Love Isn’t Always Fireworks And Butterflies, But That Doesn’t Mean It Isn’t Real

couple standing at sunset
Alex Iby

I used to think that love would feel like a Pablo Neruda poem–a beautiful ache that was all-consuming, something you couldn’t live a day without. It would be an addiction, a breath that was no longer yours, something that feels like it’s going to burst inside of you–a warmth, a fever, a fragrant dream, a perfect song, an impressive alignment, a reason to live, a will to be better, a technicolor silence, a rebirth, a redemption, a yearning that cripples your soul.

All the writers knew it, too–not just Neruda who wrote in his famous poem called “Your Laughter,” “deny me bread, air, light, spring, but never your laughter for I would die.”

For I would die.

Imagine a love so strong like that–a love that wholly interrupts every little part of you and changes you, makes you lose yourself in that world of passion, making you feel like your entire existence is made up of magic and light.

I used to blame the movies and all the songs (and of course all the poems) for setting the expectation of love so high. This is what love should feel like, look like, be. “Love means never having to say you’re sorry,” Jenny says in Love Story. And again, it all starts over.

I thought about love, about finding that kind of love. My world would tilt because of a love so grand. All my bullshit would disappear. I’d know exactly how to be, what to say, what to do. I would not overthink. I would just give in and indulge in this spectacular person I had found, because our love would be perfect and dazzling and I would know, without question, that it was this person above any other person who understood me, who excited me, who shook my spirit, who my body craved more than anyone. It would happen. It had to happen. I would find those fireworks and butterflies. It was out there. For sure it was. (Right?)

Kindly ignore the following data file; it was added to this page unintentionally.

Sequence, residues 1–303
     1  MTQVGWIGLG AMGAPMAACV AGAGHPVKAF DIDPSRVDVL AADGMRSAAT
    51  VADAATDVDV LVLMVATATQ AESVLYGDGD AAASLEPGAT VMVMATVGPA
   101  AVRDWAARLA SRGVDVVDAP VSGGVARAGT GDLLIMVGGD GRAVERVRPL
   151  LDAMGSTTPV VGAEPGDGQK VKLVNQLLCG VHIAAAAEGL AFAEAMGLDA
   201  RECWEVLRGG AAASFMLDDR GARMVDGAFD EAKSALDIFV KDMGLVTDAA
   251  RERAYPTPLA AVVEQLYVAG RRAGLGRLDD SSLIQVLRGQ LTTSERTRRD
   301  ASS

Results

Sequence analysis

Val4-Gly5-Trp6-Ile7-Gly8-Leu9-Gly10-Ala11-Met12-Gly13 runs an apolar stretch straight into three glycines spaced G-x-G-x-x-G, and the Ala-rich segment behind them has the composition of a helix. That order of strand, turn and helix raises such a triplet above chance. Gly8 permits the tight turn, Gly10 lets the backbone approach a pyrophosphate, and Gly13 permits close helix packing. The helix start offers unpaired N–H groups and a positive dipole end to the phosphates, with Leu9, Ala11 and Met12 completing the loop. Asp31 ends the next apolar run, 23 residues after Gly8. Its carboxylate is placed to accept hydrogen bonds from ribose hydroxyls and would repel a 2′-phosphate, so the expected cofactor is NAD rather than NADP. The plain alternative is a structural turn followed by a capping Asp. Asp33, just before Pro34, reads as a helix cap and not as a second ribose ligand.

But, unfortunately, life carries on. You become older, wiser, perhaps a bit more jaded. These expectations weaken and you become doubtful. Then you meet someone great and you think that maybe you’re in love or you could one day love him, but none of these magical moments happen and you can’t help but to wonder, Why? Why did everything feel, in a way, so neutral?

I started to psych myself out. I felt like I was dead inside, that maybe he wasn’t right for me because I was feeling so calm instead of feeling so ecstatic, because I was feeling so realistic about it, so sensible and cool, instead of being consumed with brilliant fireworks and butterflies that I could get off of.

But that’s when I realized that maybe that kind of romance just wasn’t me. I am a sensible person who believes in love. I do. But love to me, I’ve realized and am slowly realizing, isn’t about the fireworks and butterflies.

Love is a quiet feeling of the truest contentment. Love is still. Love is simple. Love doesn’t make me squeal or burst. Love doesn’t define me. Love, in a way, is neutrality.

Because maybe love should be about balance–not necessarily about this huge springing jump that takes your breath away. Maybe love is just a breath, a sense of calm, a steady feeling that you can’t quite put your finger on. Maybe true love is way more mature than you ever imagined. Maybe it is rational, even keeled. Maybe it isn’t anything more than what this is, right here in this little moment. And maybe you are super subtle in the way that you love, but that doesn’t mean that your love is less or weak.

Maybe you’ve just changed over the years, grown up a little bit, become more aware of the world around you. Maybe you’ve just learned to love without expectations, without thinking or comparing your “inadequacies” to everyone else’s love that you see and read about. Maybe you’ve just come to discover that everyone’s love is different. This is how you love. And as cool and relaxed as it is, it still means something–whether you know how to explain it or you don’t. TC mark

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